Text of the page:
Country Editor Shows How Socialism {C.C.F.} Leads to Dictatorship

palmerston observer socialism ad

One of the tactics that had commonly been used to discredit the C.C.F during the Great Depression was to create an association between the C.C.F, and one of the great boogeyman’s of the time, Communist Russia, along with insinuating that they were, in fact, godless, unpatriotic, foreigners. The idea, essentially, was Propaganda 101, if you dehumanize your enemy, people will begin to hate them, or, in the case of an election, not vote for them. We can see this tactic in action in this advertisement, which creates a link between accepting socialism (the C.C.F.) and accepting dictatorship, a complete non-sequitur, even going so far as to liken any nation that adopts socialism as being on a direct path towards becoming World War II Germany or Italy15. The advertisement itself was paid for by the Progressive Conservative Party.

C.C.F. Would Bring Social Revolution

palmerston observer 1943 election ad

Although it seems obvious that the C.C.F. would find its heaviest opposition from the P.C. party, as they were essentially ideological opposites, the C.C.F. would also find itself under heavy attack from the Liberals as well. One ad placed in the Observer which was sponsored by W. Angus Dickson, the Liberal candidate in the area, claimed that the “C.C.F. Would Bring Social Revolution”16, and that if they were to gain power “private business would disappear”17 and that “all farmers would become serfs working under Government orders and the Government lash”18 This is an excellent example of the attempted marginalization of the C.C.F. by the more mainstream parties, which was common at the time.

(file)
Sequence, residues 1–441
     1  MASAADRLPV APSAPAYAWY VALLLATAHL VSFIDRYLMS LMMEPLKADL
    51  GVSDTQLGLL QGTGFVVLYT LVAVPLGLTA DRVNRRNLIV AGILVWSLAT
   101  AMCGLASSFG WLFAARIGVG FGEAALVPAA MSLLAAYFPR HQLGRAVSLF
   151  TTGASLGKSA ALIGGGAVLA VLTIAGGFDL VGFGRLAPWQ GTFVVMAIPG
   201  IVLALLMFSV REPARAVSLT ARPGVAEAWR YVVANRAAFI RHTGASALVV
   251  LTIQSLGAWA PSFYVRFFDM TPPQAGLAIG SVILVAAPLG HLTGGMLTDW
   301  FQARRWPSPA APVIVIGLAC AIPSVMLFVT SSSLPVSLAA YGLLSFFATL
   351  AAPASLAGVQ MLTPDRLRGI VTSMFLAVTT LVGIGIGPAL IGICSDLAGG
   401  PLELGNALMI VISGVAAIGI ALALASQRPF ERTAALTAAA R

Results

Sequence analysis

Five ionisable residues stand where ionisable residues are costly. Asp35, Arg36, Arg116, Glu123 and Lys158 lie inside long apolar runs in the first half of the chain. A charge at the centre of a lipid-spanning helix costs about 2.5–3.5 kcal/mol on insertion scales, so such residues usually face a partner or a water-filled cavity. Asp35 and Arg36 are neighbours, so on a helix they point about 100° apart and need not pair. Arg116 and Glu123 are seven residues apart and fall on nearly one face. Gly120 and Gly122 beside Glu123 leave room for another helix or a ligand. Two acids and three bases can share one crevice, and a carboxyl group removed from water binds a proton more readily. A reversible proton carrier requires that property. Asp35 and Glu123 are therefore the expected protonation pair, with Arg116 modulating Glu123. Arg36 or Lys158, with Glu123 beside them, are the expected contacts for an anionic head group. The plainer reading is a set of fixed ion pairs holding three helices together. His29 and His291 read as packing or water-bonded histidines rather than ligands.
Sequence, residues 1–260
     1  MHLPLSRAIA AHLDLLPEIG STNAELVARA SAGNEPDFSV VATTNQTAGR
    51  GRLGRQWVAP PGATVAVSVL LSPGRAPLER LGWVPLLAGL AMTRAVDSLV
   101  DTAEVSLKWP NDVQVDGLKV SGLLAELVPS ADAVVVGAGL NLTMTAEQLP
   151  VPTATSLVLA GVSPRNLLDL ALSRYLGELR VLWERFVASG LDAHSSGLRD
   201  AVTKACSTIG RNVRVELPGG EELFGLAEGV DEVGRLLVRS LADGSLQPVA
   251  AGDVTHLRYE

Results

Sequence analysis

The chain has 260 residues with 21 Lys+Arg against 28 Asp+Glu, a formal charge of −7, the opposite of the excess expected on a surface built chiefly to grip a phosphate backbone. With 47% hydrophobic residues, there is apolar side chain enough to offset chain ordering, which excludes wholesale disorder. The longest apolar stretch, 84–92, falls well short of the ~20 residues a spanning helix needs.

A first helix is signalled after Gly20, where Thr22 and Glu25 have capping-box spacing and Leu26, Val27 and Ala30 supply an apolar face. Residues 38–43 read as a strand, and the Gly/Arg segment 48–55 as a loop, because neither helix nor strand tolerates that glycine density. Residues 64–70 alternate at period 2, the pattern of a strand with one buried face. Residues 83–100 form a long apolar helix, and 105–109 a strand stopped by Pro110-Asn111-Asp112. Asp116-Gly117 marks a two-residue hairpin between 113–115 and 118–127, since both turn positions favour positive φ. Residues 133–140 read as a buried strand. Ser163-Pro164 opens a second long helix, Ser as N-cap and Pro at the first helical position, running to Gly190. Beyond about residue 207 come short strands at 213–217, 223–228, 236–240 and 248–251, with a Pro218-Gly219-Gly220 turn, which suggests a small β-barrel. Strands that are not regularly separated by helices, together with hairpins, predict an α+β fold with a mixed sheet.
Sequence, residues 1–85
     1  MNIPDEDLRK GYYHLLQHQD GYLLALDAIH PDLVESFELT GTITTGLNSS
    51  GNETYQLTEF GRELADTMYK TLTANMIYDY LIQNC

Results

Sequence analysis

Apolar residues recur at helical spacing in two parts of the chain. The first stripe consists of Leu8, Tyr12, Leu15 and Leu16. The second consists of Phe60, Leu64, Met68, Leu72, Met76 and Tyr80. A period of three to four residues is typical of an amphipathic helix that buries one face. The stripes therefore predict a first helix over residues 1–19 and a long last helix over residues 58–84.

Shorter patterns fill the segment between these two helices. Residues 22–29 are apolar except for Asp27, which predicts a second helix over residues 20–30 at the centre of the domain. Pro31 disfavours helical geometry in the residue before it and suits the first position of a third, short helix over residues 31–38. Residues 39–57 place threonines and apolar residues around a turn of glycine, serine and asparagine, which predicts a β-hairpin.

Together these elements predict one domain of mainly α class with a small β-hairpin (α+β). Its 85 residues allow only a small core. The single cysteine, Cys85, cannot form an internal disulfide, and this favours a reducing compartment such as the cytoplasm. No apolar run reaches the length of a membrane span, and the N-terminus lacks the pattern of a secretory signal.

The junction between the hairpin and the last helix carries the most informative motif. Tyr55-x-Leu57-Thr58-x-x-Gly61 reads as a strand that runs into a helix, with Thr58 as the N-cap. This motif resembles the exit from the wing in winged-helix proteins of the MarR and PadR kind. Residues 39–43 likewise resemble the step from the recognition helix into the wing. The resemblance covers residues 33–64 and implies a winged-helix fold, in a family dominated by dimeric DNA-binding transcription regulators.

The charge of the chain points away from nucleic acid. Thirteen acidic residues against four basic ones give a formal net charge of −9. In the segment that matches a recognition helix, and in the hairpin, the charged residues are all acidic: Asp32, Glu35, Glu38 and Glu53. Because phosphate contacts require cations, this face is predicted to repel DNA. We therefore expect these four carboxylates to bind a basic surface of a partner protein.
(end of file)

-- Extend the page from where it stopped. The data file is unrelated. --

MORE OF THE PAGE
Vote C.C.F. Elect Ald. Bert Davies For Social Security

palmerston observer bert davies ad

The C.C.F., however, did get a chance to respond to these ads through one of their own which was printed in the Observer. If you were going by what had been stated of the party in the ads of their opponents, you might have expected to see Communist emblems emblazoned across the advertisement, with calls for violent uprisings and social revolutions featured underneath. In fact, the ad was much more benign, featuring a picture of Bert Davies, and some generic promises that the C.C.F had made to their electorate. The only goal of the party that could be read as even slightly leaning towards Communism was their aim to “Protect the Industrial Worker and Farmer From Monopoly Exploitation”19. Despite this, the C.C.F., like many other “radical” parties that would come after them, faced marginalization from those who sought to uphold the capitalist status quo.

A Tribute to the Farmers of Perth County

palmerston observer liberal ad

Much like the aforementioned C.C.F. Advertisement, this Liberal advertisement makes note of farmers, devoting an entire advertisement to extolling the virtues of farm subsidies, which the Liberals supported, and farmers themselves, who made up a large part of Perth County. As you can see, the ad itself is titled “A Tribute to the Farmers of Perth County”. The content of the advertisement states that “it was not the money reward alone that spurred our farmers to this extra effort [during the war effort]. There is no doubt that our farmers were moved by patriotic considerations as well as for monetary reasons.”20 Further stating that “The result [farmer’s surplus] is a credit to the farmers of this county and is a vindication of the policy of the Provincial Government in establishing subsidies”21. As the incumbent candidate, Dickson obviously had the advantage of being able to point to past deeds in an effort to bolster his campaign.